Not a fatiguing headphone at all. 

Alright, thanks for all the help. One last question, if you don't mind, have you had a listen to the ultrasone line? Thinking of picking up a Pro 900 as well and was wondering how different the sound would be between the two.

 

PS: is it me or does the frame/ headband seem really flimsy? I feel like its gonna snap any minute. 


Edited by krown - 11/26/13 at 6:49pm
post #11 of 12

No, haven't heard the Ultrasone Pro 900. Re: the headband, its seemed quite thin, but looking at the design, I think its actually quite well designed. Minimal bulk, and it doesn't seem like there are any major stress points (ie. HD555, HD595). Light enough to withstand a drop, wouldn't want to sit on them. What gets me is this that I have a big head, and the AH-D600 fits me without any extension on the headband. Fully extended who is this headphone made for? I could see that if ones head is deflated, this headphone could pose issues. :bigsmile_face:

 

Comparing them right now to a pair of MDR-EX600 in-ears at the moment (listening to Electric Light Orchestra 'Eldorado' DCC Gold and some Proem 'Enough Conflict'). Quite a different presentation. The AH-D600 a much fuller sound and speaker-like. The EX600 I may prefer for its neutrality, but drums, strings and timpani (or rototoms in ELO's case) just rain down upon you with the D600. On Proem, listening to the D600 the bassline move along subterranean passages, synth pads envelope, and on the EX600 the frequencies shimmer, and the micro-edit cuts of each drum hit lightly rapping your ears, the bass well defined, subdued but coherent.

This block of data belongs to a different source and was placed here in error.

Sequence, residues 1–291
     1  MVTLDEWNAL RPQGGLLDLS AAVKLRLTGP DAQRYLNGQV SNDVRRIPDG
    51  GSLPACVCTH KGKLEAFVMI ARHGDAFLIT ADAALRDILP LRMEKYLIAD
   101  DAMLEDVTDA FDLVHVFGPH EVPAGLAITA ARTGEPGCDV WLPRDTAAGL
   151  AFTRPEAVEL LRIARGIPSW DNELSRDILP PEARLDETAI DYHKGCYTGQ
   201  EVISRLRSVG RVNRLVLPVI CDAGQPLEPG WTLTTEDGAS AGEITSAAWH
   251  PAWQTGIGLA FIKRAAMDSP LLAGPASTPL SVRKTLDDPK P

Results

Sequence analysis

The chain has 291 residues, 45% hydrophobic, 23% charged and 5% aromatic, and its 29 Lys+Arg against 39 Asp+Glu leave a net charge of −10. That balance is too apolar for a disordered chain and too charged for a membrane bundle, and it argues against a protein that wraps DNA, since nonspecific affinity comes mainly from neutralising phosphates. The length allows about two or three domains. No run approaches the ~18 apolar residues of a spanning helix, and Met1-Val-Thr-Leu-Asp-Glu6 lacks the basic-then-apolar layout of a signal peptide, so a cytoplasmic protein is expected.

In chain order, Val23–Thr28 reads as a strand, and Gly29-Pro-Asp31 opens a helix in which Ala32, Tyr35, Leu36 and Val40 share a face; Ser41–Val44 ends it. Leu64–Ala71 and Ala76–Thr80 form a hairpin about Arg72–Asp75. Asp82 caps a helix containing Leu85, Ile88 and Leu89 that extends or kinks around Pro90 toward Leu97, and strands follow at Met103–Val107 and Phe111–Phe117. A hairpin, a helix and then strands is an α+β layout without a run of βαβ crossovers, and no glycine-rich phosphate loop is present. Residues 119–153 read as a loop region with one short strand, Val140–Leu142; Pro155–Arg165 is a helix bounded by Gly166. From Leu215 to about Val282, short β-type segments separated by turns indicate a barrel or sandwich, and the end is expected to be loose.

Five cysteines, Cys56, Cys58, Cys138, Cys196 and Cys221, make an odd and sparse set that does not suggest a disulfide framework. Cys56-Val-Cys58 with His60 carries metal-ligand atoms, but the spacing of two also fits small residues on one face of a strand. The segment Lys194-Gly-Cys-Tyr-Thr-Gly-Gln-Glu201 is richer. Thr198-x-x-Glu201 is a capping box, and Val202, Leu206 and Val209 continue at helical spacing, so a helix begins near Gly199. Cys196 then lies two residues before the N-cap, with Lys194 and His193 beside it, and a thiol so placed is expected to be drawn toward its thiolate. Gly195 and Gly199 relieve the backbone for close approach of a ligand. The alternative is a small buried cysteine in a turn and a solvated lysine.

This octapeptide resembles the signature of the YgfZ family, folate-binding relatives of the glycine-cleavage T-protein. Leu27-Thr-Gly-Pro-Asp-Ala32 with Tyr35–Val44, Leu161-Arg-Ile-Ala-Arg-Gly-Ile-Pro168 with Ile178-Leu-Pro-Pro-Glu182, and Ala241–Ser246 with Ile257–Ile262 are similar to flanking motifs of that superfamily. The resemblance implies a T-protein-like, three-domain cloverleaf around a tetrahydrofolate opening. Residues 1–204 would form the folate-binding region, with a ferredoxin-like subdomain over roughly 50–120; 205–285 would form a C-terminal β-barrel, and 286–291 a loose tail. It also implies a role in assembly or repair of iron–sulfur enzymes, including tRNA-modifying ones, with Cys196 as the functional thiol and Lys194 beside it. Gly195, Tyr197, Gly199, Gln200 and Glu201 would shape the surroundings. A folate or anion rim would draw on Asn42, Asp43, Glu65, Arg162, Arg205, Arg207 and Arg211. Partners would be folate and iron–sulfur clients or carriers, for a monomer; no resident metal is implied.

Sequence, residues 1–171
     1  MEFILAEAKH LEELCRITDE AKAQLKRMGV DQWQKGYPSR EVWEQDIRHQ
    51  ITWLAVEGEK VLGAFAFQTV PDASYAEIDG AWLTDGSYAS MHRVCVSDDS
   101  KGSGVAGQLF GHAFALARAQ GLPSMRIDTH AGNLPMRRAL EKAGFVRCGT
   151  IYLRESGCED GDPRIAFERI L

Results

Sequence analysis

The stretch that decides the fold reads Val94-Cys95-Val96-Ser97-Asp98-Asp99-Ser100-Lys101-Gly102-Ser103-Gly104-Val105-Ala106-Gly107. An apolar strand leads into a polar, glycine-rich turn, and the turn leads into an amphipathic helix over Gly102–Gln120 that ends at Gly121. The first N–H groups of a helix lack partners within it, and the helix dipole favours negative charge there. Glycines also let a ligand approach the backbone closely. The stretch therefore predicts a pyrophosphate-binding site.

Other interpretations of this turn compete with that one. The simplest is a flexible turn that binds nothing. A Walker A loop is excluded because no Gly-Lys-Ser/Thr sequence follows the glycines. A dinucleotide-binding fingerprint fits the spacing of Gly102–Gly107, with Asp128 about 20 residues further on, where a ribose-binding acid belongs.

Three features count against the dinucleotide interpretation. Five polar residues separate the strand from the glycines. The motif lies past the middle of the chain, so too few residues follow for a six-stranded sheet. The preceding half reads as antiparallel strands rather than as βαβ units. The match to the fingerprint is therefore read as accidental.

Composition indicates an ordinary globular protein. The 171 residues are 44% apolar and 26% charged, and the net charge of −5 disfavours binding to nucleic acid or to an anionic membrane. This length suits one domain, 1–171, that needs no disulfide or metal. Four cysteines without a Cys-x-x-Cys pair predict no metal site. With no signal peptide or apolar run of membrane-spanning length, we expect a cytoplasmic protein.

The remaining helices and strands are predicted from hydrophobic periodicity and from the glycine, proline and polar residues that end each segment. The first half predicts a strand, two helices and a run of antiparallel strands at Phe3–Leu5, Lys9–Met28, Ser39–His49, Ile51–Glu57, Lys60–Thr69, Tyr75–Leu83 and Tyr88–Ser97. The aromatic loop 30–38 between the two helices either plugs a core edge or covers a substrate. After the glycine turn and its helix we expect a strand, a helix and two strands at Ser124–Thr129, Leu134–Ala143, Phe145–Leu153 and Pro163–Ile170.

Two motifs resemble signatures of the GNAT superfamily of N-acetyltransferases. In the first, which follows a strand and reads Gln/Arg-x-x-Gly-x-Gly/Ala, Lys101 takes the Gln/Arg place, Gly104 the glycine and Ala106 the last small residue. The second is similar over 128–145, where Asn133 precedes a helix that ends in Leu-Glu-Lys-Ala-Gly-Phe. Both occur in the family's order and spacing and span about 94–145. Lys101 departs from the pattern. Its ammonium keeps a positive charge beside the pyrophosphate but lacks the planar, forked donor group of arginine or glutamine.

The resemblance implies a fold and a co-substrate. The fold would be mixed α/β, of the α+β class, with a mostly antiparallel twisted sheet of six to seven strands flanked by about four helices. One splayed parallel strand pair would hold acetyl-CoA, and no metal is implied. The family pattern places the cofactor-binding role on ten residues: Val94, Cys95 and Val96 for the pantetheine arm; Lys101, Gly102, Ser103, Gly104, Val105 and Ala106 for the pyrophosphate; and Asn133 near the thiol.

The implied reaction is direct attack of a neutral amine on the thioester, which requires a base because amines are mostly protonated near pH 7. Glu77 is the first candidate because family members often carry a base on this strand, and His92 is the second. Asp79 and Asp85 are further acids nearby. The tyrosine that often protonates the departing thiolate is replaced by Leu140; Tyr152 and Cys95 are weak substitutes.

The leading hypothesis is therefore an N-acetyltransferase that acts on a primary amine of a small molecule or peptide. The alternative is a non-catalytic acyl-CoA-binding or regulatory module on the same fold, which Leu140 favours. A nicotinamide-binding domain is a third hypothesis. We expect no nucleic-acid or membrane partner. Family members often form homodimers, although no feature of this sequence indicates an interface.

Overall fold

Just got the EX600s back, after letting a friend try them out for a month. It definitely brings some perspective back. Thinking of selling them locally, but they are so good, so I may just sell them at price that only a head-fier wouldn't balk at! 

post #12 of 12
Thread Starter 

Yep, the headphones are really lightweight and the aesthetics are nice as well. I must have a huge head then because I pull it down a notch :P.

 

I think I'm gonna pull the trigger and grab a Pro 900, I need that "mid bass punch". These are great headphones (sub-bass is phenomenal), but in quite a few tracks, they feel a little empty without that hard kick, hopefully the 900 will deliver.

 

Thanks for the help!